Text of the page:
Hefting

Sometimes you can see capped honey through a hive window, but if not, hefting can give you an idea of the weight distribution inside. If you heft a hive and it is heavy with stores, it doesn’t need feeding. (Bees and wax weight very little.) To heft, put a veil on and:

  • Horizontal top bar hive: try lifting opposite ends of the hive, just lifting 2 legs at once, an inch above ground is sufficient. If it is very light at both ends, that is a bad sign. One end should feel noticeably heavier than the other due to honey stores.
  • Warré hive: these are trickier to gauge by feel as they are narrow. Take the roof off (it’s quite heavy) and tip it at each side. Maybe you can feel a difference – I often cannot. So I use luggage scales for an accurate estimate of weight on each side. A difference of 3kg or more is healthy.

What to feed bees

First, for any non-beekeeper readers: never feed shop-bought honey to bees. It can carry diseases such as American Foul Brood spores. If you want to feed an exhausted bee, give it sugar water.

When feeding a hive in summer, don’t overfeed. The micronutrients in nectar and honey are lacking from simple sugar syrup. A conventional beekeeper might also say, you don’t want your honey crop to be made from excess sugar syrup as such honey does not have much taste!

A good recipe for nectar-substitute would be:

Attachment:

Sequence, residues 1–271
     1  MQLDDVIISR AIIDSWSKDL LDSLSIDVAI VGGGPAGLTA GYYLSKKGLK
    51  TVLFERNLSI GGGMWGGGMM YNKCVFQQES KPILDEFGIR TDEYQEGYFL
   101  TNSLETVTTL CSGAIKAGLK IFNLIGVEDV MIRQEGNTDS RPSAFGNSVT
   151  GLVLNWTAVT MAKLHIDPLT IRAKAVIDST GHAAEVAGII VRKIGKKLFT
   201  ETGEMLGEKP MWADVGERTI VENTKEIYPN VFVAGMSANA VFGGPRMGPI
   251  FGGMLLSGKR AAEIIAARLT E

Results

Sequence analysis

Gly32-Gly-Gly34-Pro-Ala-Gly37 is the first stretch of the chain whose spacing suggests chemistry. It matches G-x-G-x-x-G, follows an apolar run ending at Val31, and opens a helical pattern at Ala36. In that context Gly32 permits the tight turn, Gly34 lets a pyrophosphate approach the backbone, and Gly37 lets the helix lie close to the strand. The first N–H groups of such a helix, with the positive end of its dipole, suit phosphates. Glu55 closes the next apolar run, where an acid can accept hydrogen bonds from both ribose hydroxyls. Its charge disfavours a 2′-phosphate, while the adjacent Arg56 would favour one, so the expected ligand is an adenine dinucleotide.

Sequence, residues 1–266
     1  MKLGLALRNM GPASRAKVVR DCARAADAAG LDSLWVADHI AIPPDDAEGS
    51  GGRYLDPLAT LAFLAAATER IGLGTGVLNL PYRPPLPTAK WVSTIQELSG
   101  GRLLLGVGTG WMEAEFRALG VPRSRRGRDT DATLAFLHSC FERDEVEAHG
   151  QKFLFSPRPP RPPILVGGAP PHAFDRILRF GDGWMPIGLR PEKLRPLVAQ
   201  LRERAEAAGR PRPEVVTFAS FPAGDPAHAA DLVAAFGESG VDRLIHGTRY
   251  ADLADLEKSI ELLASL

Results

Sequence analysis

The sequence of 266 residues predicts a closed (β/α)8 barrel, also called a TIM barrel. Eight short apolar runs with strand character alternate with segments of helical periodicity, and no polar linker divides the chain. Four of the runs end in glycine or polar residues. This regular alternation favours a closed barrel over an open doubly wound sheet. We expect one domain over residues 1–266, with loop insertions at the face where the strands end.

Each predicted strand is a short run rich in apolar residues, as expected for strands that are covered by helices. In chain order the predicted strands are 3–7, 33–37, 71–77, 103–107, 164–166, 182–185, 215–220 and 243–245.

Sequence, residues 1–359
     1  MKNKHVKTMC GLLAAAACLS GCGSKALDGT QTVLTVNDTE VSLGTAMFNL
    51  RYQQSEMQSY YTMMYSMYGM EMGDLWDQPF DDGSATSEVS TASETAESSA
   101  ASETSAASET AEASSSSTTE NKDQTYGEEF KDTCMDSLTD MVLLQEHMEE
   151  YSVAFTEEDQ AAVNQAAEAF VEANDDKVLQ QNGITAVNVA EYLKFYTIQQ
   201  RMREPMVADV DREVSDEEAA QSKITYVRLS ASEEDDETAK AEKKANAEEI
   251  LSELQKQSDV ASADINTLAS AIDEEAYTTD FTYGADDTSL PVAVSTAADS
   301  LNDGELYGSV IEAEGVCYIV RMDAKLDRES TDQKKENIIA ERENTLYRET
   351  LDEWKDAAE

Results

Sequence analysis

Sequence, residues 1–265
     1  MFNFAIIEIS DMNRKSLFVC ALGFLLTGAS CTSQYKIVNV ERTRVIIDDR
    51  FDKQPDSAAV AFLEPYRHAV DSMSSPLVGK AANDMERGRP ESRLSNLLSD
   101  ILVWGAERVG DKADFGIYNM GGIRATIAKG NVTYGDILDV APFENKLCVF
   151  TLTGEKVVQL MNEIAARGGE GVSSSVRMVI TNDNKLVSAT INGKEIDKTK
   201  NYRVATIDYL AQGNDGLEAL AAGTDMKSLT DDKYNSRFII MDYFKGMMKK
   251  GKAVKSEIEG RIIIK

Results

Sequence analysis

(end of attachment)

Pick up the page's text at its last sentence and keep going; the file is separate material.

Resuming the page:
• 0.5 litres water
  • 1kg white refined sugar (i.e. a strong 2:1 feed because we are trying to emergency-feed them quickly – nectar is usually half this strength)
  • 100g of honey from the same apiary
  • A teaspoon of soluble vitamin C (found in nectar)
  • Optional: teaspoon of lemon juice (alters pH of mix – though the Vit C does this too)
  • Optional: nettle sap (micronutrients)
  • Optional: flower scent e.g. crushed lavender, to help the bees locate the syrup in the darkness of the hive

But in an emergency, the key ingredients are sugar and water.

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2 Responses to Summer starvation warning

  1. Emily Scott says:

    The grass round here looks so dry and parched. Luckily my bees live next to a river.

    Like

  2. Many people don’t realize the impact incessant heat, drought, and lack of water has on any living creature. It’s hard enough on the bees dealing with cooling the hive and keeping the humidity high enough for brood rearing. Add to that dearth and the amount of energy needed to gather even more water for rehydrating honey to prevent starvation. Last year after a brutally hot and dry summer and early fall we experienced a number of fall abscondings locally. “Hunger swarms” is the term I found in a few older publications. Then I also found it in a new book where it was mentioned that it may occur with or without food being present. I thought this was of particular interest as it seems to imply that the bees sense the direness of the conditions and may leave during such situations.